Document Detail

Maternal and infant predictors of attendance at Neonatal Follow-Up programmes.
MedLine Citation:
PMID:  23294101     Owner:  NLM     Status:  Publisher    
BACKGROUND: Neonatal Follow-Up (NFU) programmes provide health services for families of infants at high risk of developmental problems following difficult or extremely premature birth: yet, up to 30% of families do not attend these programmes with their infants. METHODS: The study objective was to determine maternal and infant factors that predicted attendance at NFU programmes. Utilizing Andersen's Behavioural Model of Health Services Use, a prospective two-phase multi-site descriptive cohort study was conducted in three Canadian Neonatal Intensive Care Units (NICU) that refer to two affiliated NFU programmes. In Phase 1, 357 mothers completed standardized questionnaires that addressed maternal and infant factors, prior to their infants' NICU discharge. In Phase 2, attendance at NFU was followed at three time points over a 12-month period. Factors of interest included predisposing factors (e.g. demographic characteristics and social context); enabling factors (e.g. social support, travel distance, and income); and infant illness severity (i.e. needs factors). Multivariate logistic regression was used to estimate the odds ratio for each independent factor. RESULTS: Mothers parenting alone, experiencing higher levels of worry about maternal alcohol or drug use, or at greater distances from NFU were less likely to attend. Mothers experiencing higher maternal stress at the time of the infant's NICU hospitalization were more likely to attend NFU. No infant factors were predictive of NFU attendance. CONCLUSIONS: Mothers at risk of not attending NFU programmes with their infants require better identification, triage, referral and additional support to promote engagement with NFU programmes and improved quality of life for their high-risk infants.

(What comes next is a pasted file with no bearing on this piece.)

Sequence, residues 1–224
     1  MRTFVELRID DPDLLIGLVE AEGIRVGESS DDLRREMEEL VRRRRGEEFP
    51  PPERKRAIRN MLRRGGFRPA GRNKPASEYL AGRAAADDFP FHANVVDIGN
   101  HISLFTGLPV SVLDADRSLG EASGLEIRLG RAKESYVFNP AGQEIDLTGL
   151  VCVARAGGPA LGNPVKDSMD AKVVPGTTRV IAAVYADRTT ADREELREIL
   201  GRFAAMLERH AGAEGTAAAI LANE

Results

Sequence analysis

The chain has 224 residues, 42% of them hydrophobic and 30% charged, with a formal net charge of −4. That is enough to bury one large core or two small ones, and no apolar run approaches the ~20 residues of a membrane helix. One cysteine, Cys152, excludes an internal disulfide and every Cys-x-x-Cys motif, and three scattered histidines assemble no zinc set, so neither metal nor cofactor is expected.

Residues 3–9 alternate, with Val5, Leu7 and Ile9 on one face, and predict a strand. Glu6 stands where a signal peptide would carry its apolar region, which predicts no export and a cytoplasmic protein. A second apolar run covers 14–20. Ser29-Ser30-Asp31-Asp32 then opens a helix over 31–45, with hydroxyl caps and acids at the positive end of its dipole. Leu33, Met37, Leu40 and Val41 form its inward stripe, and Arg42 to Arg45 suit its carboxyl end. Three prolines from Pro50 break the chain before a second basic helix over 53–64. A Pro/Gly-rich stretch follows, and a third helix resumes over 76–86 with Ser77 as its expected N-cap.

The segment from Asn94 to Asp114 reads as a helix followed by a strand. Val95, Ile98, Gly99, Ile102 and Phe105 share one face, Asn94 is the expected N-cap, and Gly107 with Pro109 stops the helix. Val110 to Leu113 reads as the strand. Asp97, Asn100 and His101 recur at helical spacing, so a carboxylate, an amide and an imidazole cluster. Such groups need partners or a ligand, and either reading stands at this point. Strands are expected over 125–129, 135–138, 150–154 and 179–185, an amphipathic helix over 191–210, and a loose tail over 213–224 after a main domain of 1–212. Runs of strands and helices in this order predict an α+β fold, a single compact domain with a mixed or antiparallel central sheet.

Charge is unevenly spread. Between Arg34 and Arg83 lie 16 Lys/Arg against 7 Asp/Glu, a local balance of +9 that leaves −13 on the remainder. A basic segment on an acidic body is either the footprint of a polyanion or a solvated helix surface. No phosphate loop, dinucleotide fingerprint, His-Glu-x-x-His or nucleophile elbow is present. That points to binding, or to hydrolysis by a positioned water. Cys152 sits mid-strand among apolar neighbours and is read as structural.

M Ballantyne; B Stevens; A Guttmann; A R Willan; P Rosenbaum
Publication Detail:
Type:  JOURNAL ARTICLE     Date:  2013-1-7
Journal Detail:
Title:  Child: care, health and development     Volume:  -     ISSN:  1365-2214     ISO Abbreviation:  Child Care Health Dev     Publication Date:  2013 Jan 
Date Detail:
Created Date:  2013-1-8     Completed Date:  -     Revised Date:  -    
Medline Journal Info:
Nlm Unique ID:  7602632     Medline TA:  Child Care Health Dev     Country:  -    
Other Details:
Languages:  ENG     Pagination:  -     Citation Subset:  -    
Copyright Information:
© 2013 Blackwell Publishing Ltd.
School of Nursing, Faculty of Health Sciences, McMaster University, Hamilton, ON, Canada.
Export Citation:
APA/MLA Format     Download EndNote     Download BibTex
MeSH Terms

From MEDLINE®/PubMed®, a database of the U.S. National Library of Medicine

Previous Document:  Molecular patterns of introgression in a classic hybrid zone between the Australian tree frogs, Lito...
Next Document:  The Effect of Scene Variation on the Redundant Use of Color in Definite Reference.